Mixing the Sexes

News from Britain: if you’re a gal in hospital, the guy in the next bed won’t be a guy any more.

The government will announce that it is to end the “indignity” of mixed-sex hospital wards in England by the end of the year, it has been reported.

The Daily Telegraph said health secretary Andrew Lansley is to declare that men and women sharing wards is to be ended in all but accident and emergency and intensive care units by the end of the year.

[snip]

Mr Lansley confirmed last night that he would be making a statement on the subject “shortly”, saying that getting rid of mixed-sex wards was in the best interests of patients.

“I have made clear repeatedly my deep frustration at the fact that mixed sex accommodation has not been eliminated from the NHS,” he said.

“Eliminating mixed sex accommodation is in patients’ best interests, and I made clear the priority I attach to it in the revised operating framework published in June. I will have more to say on this shortly.”

If he succeeds he will achieve a goal which eluded Labour ministers for over a decade.

Oddly, I never realized hospitals in Britain had mixed-sex ward rooms: I had just assumed they were (mostly) segregated by sex, as they are here in Canada.

In any case, I’ve always had a bit of a problem from a purely Emergency Charge Nurse Clinical Care Leader/logistical/practical point of view with sex-segregating patient beds. I don’t know how often I’ve had people rotting in ED stretchers for days at a time, while there were four or five empty beds on 5 North or somewhere, only they were “male” beds or “female” beds, and there weren’t any patients of the appropriate gender who could go up. In my scheme of things, the Emergency Department is never the right place for admitted patients, and there is no such thing as an “inappropriate” bed based on a person’s sex. If there are beds, get the patients up, regardless of sex.

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  1. #1 by Boris on Saturday 21 August 2010 - 1126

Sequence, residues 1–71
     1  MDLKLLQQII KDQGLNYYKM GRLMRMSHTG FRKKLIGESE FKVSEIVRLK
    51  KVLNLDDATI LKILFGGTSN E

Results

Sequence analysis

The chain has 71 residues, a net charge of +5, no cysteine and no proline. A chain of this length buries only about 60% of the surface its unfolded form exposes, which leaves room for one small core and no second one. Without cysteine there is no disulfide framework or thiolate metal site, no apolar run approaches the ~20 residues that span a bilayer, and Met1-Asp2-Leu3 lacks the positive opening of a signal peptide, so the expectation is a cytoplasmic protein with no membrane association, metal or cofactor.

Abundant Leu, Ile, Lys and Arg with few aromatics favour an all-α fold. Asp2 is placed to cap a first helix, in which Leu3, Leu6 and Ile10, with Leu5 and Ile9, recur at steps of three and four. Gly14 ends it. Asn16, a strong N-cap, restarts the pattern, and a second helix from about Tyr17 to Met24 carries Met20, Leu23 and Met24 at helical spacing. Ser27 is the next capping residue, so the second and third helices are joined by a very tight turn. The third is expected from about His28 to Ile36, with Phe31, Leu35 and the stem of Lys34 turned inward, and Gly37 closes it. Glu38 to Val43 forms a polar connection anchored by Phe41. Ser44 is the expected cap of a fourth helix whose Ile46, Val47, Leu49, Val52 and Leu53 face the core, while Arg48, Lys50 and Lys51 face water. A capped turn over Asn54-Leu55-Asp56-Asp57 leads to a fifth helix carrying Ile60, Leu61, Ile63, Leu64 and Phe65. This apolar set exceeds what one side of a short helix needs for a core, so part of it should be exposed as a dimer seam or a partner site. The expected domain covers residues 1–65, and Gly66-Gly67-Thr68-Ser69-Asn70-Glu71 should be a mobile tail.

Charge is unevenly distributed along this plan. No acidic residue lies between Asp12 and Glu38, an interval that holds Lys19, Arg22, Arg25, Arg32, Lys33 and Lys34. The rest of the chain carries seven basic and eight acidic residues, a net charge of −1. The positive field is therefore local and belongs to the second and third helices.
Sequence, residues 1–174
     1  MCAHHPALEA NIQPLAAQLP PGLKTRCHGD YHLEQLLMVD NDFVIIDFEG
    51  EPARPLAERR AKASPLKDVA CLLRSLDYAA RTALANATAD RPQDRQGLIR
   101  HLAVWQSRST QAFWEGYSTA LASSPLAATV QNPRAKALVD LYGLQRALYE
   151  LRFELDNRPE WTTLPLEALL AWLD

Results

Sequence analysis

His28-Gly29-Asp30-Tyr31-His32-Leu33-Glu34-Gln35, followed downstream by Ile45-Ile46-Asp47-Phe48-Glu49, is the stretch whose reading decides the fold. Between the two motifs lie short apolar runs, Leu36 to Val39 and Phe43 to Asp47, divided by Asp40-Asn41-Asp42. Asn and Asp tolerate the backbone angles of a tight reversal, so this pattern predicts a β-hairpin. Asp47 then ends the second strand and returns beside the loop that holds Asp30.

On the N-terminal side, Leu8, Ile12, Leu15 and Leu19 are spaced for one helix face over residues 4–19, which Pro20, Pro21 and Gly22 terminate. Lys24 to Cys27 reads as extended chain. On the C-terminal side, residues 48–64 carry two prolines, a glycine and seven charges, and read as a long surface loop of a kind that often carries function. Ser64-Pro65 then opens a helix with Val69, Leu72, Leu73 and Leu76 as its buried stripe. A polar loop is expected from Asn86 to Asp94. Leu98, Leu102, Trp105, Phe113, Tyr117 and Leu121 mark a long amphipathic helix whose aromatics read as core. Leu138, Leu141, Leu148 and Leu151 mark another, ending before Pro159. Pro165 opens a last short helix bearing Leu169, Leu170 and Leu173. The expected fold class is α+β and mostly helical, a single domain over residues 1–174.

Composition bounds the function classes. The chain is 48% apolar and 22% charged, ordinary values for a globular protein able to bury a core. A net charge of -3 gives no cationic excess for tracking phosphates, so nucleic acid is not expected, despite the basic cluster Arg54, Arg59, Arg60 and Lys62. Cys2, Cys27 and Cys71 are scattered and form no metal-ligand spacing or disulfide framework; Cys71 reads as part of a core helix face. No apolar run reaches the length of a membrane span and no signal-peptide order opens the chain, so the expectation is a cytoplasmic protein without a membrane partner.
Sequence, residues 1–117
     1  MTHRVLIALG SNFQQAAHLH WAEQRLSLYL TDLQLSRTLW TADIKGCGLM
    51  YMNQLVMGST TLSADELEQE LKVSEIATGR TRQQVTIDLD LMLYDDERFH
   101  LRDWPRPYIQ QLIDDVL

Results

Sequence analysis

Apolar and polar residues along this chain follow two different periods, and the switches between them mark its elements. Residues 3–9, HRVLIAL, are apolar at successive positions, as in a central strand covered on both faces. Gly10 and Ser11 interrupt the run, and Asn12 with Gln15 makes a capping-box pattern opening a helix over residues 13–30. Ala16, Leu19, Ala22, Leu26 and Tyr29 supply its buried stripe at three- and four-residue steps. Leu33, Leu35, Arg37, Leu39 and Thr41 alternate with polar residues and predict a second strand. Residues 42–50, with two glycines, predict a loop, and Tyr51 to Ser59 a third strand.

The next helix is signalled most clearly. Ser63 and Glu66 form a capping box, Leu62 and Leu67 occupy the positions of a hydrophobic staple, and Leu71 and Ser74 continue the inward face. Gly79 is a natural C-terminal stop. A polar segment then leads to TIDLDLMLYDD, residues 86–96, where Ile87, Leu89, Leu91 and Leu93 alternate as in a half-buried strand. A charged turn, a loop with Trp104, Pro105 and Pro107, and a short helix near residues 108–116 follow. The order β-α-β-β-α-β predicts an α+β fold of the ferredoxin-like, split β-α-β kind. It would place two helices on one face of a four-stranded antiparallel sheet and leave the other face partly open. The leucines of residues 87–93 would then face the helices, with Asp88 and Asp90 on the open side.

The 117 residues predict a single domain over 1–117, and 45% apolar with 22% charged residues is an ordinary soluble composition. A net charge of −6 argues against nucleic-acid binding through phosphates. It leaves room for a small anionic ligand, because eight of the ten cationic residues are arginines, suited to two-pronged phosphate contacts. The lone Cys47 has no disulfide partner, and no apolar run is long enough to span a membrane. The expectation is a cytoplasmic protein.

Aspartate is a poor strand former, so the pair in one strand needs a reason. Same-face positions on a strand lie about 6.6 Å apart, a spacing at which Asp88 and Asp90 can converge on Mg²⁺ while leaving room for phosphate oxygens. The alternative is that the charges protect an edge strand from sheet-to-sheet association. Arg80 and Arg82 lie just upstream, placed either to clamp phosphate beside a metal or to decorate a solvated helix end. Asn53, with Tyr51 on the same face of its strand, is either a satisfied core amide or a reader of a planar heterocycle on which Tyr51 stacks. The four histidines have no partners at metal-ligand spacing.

Last year in my few weeks in hospital I usually had only male wardmates but occassionally there would be a female in the next bed because, well, it was available. I think the more discomforting thing was being shipped to the cardiac ward post-op because there were no free beds in general surgery. The nurses were great, but patients recovering from bypass surgery I suppose are a little different than some like me who who ended up suffering some puzzling complications from minor surgery: “We don’t usually get people like you here”… My surgeons also had to make a special trip to my ward to see me to communicate their contradicting views on my condition.

  2. #2 by Zoe on Wednesday 25 August 2010 - 2100

    We stopped segregating rooms several years ago, for exactly the reasons you posted…patients were bouncing around the ER for days waiting for a “female” or “male” bed to open up. The wards were bouncing patients around the unit trying to “create” a gender specific room.

    Now, when a bed becomes available, the most appropriate patient goes to that room, regardless of gender. Most patients don’t have an issue with it. The odd one that does, we try our best to accommodate. Usually, people are just happy to be out of the ER, they’ll take the first bed that opens up.

    Our focus lately, in an effort to reduce our hospital-acquired c-diff infections, is to cohort patients with similar symptoms ie: MRSA patients all together, c-diff pts all in one room etc.

  3. #3 by Cartoon Character on Saturday 28 August 2010 - 1640

    Actually, here in BC, a lot of the hospital will “mix” a ward….case in point – my mom had a hip replacement earlier this year and she had several male roomies. It did not create any major problems.

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